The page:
I mean, don’t get excited, I went to boarding school. I never worked that hard. I was always lying around in the heat reading a novel. I did no “thought work.” I just watched other people do it.
So, in my middle age, I don’t know how to rest. The lights never have to be turned off. The water flows over my kitchen sink and into the basement because, though I put in the stopper, my handheld device distracts me and I wander away. I am obsessed with articles like this one, which I read two hours ago when I got up early, before dawn, because I could, because the light switch is right there. I read them and think, oh yes! Moar Productivity! This Will Be Great.
Ultimately, the only reason to keep living is if you live unto God. If His Word is true, then we were divinely created to glorify Him and enjoy Him always. And our creation was a fundamentally good act — good and prodigal. The only other reasons to live are for the World, the Flesh, or the Devil, and they only want you to live so long as you are useful to them.
Once you stop being productive and your credit dries up so that you can no longer consume, the World does not care if you are alive — unless your existence becomes a drain on those who are still producing and consuming, in which case the World would very politely ask that you cease inconveniencing the rest of us, thank you very much. Once your body primarily experiences pain rather than pleasure, your Flesh has no reason to keep alive. When sex loses its thrill and you’ve come to the end of porn, and entertainment all bores you; when your quality of “life” is diminished by mental illness or physical ailment; when you cease to believe that you’ll ever not be alone, then assisted suicide seems reasonable and moral. And when the Devil no longer finds you useful for undermining goodness, beauty, or truth, he doesn’t care if you live.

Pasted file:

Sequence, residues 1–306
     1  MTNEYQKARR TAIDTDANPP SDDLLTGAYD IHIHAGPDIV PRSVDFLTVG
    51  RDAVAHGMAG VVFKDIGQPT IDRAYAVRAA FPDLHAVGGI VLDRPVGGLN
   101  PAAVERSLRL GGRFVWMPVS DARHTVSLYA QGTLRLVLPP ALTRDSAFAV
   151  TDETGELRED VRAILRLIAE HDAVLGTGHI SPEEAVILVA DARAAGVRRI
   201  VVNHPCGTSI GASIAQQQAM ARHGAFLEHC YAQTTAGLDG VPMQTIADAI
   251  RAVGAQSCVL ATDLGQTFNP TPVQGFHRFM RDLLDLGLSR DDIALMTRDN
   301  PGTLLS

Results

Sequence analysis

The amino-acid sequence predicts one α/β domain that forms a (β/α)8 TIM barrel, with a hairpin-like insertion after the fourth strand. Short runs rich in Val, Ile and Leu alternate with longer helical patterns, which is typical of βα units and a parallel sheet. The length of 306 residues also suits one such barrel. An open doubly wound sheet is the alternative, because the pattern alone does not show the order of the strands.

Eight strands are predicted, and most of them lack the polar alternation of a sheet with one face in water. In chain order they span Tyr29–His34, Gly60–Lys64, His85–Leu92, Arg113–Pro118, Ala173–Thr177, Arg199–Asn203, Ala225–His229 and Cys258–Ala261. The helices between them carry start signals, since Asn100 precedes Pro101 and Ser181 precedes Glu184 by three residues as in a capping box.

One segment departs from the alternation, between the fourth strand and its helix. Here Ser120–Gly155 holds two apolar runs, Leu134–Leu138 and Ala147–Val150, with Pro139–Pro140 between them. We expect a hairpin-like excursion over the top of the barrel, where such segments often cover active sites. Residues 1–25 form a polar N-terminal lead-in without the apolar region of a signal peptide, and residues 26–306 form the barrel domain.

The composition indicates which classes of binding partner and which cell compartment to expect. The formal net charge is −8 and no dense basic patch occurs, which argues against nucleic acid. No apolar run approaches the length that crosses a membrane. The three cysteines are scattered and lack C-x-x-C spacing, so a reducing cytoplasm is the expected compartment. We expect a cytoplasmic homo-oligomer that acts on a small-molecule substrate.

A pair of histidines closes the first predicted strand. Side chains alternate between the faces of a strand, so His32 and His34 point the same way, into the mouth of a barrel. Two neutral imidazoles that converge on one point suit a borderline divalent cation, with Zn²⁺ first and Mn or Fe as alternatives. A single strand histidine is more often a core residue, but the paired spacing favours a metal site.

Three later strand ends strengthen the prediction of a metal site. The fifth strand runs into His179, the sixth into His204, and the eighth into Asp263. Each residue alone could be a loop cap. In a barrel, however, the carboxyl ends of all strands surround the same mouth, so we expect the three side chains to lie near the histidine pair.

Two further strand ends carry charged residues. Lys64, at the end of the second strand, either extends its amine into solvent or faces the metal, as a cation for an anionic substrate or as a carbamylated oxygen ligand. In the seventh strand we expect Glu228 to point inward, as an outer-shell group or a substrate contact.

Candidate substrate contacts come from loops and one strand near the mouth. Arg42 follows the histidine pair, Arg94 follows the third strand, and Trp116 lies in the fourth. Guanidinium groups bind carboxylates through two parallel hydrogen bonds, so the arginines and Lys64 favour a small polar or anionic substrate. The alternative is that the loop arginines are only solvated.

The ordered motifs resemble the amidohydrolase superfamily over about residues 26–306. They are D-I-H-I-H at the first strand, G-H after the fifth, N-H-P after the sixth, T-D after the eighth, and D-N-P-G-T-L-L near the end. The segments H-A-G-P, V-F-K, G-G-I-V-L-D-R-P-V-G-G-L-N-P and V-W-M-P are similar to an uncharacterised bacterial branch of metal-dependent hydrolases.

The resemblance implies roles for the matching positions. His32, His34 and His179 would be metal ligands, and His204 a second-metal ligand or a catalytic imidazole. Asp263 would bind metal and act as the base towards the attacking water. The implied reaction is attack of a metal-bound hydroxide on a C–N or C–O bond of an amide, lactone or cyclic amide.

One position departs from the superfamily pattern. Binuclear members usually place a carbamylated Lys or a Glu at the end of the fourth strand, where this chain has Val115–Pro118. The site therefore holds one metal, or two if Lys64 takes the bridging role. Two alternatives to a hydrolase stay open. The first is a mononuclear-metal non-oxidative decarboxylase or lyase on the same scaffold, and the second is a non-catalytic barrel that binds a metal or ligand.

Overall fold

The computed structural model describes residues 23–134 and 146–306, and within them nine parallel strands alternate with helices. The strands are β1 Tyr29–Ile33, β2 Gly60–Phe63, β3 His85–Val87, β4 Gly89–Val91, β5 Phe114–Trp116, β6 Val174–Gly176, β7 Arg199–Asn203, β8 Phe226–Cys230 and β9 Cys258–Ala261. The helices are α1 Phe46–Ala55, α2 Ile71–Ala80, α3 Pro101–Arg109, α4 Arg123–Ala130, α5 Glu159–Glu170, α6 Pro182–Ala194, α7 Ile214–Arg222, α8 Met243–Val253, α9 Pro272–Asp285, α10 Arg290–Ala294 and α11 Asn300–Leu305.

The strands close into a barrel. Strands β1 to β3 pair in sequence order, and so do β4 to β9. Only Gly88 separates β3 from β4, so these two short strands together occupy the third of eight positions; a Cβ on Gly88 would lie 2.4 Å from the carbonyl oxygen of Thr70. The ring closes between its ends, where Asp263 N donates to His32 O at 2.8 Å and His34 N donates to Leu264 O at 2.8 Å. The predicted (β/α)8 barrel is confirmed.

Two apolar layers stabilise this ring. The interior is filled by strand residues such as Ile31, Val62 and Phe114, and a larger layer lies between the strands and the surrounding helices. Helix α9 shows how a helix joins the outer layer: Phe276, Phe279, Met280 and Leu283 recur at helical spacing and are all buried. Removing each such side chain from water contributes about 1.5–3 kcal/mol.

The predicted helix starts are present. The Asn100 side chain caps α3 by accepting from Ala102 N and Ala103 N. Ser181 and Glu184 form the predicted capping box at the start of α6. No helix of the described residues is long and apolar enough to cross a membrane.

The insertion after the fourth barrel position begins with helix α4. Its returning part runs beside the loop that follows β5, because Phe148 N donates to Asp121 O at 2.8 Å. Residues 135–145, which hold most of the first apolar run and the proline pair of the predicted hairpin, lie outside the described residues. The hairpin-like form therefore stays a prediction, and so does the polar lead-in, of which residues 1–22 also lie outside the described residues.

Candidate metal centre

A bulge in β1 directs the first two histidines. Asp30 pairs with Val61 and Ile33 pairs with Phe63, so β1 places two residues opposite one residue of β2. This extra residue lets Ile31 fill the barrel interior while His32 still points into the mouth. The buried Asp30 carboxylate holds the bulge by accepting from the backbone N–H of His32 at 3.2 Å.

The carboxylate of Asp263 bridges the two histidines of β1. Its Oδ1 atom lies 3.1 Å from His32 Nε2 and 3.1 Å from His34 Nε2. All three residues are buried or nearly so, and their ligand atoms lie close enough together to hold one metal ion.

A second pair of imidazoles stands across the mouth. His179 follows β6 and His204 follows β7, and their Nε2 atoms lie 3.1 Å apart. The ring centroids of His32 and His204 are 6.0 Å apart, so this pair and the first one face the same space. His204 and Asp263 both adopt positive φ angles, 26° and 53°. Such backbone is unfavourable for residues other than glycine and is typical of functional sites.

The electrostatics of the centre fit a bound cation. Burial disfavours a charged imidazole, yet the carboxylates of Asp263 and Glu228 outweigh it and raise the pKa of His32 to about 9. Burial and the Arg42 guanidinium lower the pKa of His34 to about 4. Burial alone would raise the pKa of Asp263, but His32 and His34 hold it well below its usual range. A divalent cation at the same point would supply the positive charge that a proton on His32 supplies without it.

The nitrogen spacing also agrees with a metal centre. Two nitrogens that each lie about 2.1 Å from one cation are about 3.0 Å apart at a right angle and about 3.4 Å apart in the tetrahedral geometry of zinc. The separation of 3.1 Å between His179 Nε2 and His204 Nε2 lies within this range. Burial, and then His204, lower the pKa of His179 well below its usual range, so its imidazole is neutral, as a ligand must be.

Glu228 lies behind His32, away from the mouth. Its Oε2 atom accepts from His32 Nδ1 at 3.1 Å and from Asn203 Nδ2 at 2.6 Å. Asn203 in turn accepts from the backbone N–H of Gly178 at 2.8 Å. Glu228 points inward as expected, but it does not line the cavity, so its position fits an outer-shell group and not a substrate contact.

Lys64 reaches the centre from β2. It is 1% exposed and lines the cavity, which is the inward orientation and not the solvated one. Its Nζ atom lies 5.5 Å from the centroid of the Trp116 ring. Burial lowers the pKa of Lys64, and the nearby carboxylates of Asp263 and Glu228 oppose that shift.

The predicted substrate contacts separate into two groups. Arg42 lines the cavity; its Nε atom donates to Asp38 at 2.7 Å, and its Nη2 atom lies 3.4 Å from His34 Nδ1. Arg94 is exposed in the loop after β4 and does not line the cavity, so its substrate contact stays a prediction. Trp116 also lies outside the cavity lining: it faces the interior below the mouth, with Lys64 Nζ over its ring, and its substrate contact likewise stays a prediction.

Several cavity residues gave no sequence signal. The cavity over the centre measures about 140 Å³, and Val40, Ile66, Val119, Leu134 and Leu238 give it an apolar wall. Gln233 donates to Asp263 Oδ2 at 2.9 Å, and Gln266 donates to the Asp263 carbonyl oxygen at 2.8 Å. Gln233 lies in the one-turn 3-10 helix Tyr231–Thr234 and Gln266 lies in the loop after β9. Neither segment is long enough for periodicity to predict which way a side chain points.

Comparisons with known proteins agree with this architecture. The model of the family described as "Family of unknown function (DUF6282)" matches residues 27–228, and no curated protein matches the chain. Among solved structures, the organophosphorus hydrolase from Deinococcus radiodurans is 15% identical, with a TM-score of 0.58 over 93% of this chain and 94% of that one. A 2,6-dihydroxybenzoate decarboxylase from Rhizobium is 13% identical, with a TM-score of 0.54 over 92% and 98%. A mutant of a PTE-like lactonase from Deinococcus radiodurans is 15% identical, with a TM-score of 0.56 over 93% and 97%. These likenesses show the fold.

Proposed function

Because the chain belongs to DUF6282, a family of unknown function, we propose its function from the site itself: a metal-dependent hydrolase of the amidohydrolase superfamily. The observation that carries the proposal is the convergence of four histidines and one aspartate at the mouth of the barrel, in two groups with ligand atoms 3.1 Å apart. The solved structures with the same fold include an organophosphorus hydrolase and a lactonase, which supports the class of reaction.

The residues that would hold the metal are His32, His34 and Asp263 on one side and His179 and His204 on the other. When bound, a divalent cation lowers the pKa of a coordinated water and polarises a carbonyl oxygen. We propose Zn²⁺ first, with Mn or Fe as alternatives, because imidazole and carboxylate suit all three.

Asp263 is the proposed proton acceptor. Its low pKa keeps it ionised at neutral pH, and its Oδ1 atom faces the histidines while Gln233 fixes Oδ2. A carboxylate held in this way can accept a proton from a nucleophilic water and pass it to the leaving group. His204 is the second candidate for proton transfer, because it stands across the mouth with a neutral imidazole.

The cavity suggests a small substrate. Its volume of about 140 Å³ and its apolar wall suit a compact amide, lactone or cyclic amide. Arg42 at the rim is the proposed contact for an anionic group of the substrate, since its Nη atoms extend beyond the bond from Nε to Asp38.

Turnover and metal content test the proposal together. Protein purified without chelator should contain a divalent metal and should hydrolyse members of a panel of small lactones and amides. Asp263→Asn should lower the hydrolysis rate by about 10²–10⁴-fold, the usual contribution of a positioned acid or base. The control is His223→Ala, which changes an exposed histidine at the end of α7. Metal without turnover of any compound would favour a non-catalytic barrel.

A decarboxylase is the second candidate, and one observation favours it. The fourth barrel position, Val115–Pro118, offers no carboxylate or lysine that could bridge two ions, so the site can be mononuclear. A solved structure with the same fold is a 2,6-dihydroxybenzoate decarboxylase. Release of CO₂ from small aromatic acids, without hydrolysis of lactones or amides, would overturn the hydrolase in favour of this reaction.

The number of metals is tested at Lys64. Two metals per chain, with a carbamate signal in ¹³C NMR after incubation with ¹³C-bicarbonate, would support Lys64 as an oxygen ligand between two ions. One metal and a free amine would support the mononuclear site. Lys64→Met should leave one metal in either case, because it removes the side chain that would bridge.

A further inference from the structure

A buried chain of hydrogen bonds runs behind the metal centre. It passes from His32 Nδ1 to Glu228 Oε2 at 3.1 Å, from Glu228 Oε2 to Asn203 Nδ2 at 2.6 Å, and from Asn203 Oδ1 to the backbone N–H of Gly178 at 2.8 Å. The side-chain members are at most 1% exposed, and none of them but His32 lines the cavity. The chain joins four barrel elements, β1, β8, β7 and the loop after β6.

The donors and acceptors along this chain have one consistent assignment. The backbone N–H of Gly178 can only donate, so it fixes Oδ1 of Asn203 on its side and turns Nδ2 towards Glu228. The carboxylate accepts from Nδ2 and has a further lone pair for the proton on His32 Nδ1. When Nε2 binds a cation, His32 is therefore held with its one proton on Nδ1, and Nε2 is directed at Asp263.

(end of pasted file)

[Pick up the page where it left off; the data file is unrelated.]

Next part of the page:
Usefulness is the sole criterion for the World, the Flesh, or the Devil. But you have no use value to God. You can’t. There is nothing He needs. You can’t cease being useful to God because you were never useful to begin with. That’s simply not why He created you and why He continues to sustain your being in the world. It was gratuitous, prodigal. He made us just because He loves us and for His own good pleasure. Every other reason to live demands that you remain useful, and one day your use will run out. But not so with God. To God, your existence in His universe is an act of creation, and it remains good as creation even in its fallen state.
I have nothing to add. I am rebuked and my fingers must fall silent. If you need me, I will be lounging my well-lit corner, devouring a wedge of cheese.
*Don’t come to my house expecting it to be clean or anything, or for dinner to arrive on the table at the proper hour. It’s not that I’m working all the time. I totally do sit down, but whenever I am sitting, I feel bad about sitting, which is its own peculiarly miserable kind of work.
** Don’t freak out, I don’t think people having to walk or travel for miles and miles to procure clean water is okay. Of course, everyone should have easy access to clean, potable water, OF COURSE. Having it flow without measure by a mere flick of the wrist? That I’m not so sure about.